How a House Can Change a Life—PETA’s Doghouse Program in Action

Published by Chrissy Matthies.

Whether it’s Christmas, New Year’s Day, or a Saturday when the temperatures have dipped below freezing, PETA staffers and volunteers are outside delivering dry, fluffy straw bedding and warm wooden doghouses to “backyard dogs” who are forced to spend the holidays—and every day in between—outside and alone. In 2013, we delivered 340 doghouses and 2,500 chew toys and received thousands of sloppy kisses in return:

Each winter when it freezes, many dogs struggle to keep warm and have no choice but to curl up into a tight ball and shiver. Left outside alone in the mud and snow, the dogs even go without water when it freezes in their bowls—if they had any water to begin with, that is.

When PETA delivers straw to “backyard dogs,” we urge their guardians to allow the dogs to live indoors. But changing attitudes takes time. In the meantime, we supply sturdy, elevated doghouses with a plastic flap over the door and a slanted roof in order to provide protection not just from the winter cold but also from the blazing summer sun.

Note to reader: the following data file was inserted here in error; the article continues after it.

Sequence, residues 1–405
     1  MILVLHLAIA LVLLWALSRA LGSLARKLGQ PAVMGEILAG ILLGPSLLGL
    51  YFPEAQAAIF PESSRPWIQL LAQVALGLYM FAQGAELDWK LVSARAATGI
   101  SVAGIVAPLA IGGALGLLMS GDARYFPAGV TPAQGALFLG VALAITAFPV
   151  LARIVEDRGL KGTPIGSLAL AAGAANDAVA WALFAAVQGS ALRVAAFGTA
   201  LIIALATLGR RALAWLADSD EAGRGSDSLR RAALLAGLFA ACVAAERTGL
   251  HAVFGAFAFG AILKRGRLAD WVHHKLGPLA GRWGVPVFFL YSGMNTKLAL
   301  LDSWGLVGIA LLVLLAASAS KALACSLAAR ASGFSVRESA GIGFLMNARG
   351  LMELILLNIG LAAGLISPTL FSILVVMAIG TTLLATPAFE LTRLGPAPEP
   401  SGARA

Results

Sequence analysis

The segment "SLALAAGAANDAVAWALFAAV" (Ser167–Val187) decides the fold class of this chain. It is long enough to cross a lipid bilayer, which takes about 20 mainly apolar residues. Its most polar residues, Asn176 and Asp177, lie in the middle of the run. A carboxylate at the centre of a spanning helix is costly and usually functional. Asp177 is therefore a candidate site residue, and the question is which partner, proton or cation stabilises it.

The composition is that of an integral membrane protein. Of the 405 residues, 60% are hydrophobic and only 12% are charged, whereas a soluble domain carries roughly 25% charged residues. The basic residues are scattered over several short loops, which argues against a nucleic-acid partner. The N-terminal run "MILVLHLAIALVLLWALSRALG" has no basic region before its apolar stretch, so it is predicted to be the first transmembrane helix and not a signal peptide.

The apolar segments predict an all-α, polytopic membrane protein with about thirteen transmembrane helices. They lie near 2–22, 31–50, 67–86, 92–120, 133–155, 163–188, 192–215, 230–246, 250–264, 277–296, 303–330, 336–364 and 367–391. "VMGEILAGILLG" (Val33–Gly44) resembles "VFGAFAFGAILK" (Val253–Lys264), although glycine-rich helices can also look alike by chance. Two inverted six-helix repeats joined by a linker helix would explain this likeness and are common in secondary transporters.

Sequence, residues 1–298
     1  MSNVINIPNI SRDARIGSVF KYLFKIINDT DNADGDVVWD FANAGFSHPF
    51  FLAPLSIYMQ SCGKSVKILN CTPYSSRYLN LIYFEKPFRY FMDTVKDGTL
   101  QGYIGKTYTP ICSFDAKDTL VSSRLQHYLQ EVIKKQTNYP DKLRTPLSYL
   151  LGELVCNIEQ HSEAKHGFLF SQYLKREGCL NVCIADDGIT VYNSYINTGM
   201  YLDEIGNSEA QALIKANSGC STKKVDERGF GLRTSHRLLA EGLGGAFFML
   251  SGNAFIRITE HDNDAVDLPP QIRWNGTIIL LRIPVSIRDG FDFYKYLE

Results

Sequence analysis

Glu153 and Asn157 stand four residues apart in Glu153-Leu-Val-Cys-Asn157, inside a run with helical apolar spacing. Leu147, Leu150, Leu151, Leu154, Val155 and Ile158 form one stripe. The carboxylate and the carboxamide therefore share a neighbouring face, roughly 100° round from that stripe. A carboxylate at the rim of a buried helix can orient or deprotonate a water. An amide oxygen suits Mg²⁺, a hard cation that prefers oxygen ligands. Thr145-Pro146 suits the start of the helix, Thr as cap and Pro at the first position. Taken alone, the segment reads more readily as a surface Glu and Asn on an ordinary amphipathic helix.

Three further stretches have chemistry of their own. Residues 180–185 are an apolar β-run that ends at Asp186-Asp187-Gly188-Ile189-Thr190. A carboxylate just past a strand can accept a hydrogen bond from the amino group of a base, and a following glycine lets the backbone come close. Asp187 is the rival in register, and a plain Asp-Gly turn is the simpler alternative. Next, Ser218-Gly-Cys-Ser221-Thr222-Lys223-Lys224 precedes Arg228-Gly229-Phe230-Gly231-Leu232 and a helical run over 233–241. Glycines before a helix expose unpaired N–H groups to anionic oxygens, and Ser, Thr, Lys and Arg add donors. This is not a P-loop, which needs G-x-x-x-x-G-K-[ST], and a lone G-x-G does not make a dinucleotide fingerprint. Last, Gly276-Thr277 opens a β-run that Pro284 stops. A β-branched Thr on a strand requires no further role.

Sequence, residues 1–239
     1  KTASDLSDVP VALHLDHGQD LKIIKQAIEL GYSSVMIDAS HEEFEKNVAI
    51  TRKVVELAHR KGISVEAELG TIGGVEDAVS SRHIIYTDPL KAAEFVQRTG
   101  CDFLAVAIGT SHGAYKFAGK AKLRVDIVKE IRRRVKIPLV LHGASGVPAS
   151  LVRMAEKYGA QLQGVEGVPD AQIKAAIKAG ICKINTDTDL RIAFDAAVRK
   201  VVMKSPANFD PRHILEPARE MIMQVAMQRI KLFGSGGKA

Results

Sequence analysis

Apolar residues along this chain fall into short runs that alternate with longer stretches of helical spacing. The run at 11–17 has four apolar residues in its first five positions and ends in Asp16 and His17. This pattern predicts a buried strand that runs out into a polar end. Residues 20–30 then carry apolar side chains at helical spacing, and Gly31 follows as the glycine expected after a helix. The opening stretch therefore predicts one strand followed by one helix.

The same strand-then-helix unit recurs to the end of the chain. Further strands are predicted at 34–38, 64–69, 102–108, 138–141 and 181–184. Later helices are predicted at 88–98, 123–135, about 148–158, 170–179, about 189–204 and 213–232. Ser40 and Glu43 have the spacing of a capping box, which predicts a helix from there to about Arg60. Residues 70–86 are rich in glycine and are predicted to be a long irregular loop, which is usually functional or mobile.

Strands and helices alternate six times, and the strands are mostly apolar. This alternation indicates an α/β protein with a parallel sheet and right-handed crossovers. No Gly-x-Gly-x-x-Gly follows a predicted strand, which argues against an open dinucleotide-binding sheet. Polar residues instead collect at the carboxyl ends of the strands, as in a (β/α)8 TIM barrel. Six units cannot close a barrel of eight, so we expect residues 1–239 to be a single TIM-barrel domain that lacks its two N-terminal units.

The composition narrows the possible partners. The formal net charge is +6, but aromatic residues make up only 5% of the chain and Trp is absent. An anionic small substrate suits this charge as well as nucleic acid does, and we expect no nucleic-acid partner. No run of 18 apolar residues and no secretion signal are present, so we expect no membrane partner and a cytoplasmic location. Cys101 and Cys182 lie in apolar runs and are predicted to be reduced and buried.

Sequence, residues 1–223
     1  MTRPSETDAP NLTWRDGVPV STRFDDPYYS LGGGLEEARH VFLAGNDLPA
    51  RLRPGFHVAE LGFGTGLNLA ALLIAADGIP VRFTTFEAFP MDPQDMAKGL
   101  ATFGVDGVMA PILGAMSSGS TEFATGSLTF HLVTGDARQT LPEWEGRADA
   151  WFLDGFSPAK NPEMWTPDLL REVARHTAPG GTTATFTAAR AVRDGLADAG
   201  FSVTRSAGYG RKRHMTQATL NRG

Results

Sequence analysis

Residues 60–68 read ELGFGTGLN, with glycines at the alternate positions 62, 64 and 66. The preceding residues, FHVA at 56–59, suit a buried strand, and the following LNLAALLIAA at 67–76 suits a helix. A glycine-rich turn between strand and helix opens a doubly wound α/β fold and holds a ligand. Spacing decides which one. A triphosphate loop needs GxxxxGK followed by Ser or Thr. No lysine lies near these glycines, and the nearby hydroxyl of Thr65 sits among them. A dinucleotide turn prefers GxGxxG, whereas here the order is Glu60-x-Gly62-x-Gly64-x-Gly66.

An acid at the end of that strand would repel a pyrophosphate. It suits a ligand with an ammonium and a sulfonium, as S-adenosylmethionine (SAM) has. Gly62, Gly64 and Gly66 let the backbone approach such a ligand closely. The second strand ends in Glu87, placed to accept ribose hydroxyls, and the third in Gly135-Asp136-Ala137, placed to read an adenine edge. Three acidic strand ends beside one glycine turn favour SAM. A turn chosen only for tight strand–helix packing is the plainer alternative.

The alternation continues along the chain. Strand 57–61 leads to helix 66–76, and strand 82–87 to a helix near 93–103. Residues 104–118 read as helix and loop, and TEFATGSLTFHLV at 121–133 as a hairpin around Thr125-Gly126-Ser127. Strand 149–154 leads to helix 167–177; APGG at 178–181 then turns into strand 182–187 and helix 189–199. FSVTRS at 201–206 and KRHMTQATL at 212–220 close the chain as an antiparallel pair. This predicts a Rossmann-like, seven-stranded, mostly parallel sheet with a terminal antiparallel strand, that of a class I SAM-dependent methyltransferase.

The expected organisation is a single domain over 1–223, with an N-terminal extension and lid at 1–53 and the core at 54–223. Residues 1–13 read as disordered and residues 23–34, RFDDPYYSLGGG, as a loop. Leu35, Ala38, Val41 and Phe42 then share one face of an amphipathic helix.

With your help, we can reach even more families and provide more dogs with shelter in 2014. Watch PETA’s doghouse program in action, and help us make 2014 the best year for dogs yet!

Get PETA Updates

Stay up to date on the latest vegan trends and get breaking animal rights news delivered straight to your inbox!

By submitting this form, you are agreeing to our collection, storage, use, and disclosure of your personal info in accordance with our privacy policy as well as to receiving e-mails from us.

 Ingrid E. Newkirk

“Almost all of us grew up eating meat, wearing leather, and going to circuses and zoos. We never considered the impact of these actions on the animals involved. For whatever reason, you are now asking the question: Why should animals have rights?” READ MORE

— Ingrid E. Newkirk, PETA President and co-author of Animalkind